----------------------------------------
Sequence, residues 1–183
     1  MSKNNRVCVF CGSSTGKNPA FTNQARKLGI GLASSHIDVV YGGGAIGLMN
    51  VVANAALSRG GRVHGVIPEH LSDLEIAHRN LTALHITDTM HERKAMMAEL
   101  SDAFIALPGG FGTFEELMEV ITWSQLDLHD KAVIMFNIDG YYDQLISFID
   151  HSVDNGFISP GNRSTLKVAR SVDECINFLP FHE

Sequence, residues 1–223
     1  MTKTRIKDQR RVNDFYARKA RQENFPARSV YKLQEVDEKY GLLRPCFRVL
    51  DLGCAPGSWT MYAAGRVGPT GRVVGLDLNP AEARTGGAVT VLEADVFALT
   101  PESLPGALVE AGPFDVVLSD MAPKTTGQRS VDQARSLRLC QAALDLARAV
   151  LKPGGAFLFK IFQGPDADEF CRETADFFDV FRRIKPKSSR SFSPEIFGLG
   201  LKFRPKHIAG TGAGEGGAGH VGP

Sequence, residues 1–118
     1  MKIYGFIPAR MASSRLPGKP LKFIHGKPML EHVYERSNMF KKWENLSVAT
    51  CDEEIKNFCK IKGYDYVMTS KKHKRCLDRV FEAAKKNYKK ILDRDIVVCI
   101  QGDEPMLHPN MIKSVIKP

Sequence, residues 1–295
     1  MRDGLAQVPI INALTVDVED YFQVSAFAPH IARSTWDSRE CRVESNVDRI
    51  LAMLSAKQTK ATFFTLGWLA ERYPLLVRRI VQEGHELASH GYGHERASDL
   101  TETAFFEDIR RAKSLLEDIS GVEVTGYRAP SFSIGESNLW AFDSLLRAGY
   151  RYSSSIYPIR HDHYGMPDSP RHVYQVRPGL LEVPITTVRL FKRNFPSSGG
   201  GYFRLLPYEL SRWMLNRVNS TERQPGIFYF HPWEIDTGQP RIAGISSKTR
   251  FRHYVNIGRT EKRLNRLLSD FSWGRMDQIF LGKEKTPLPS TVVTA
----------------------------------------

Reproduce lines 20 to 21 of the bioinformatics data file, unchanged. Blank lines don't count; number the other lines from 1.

   151  RYSSSIYPIR HDHYGMPDSP RHVYQVRPGL LEVPITTVRL FKRNFPSSGG
   201  GYFRLLPYEL SRWMLNRVNS TERQPGIFYF HPWEIDTGQP RIAGISSKTR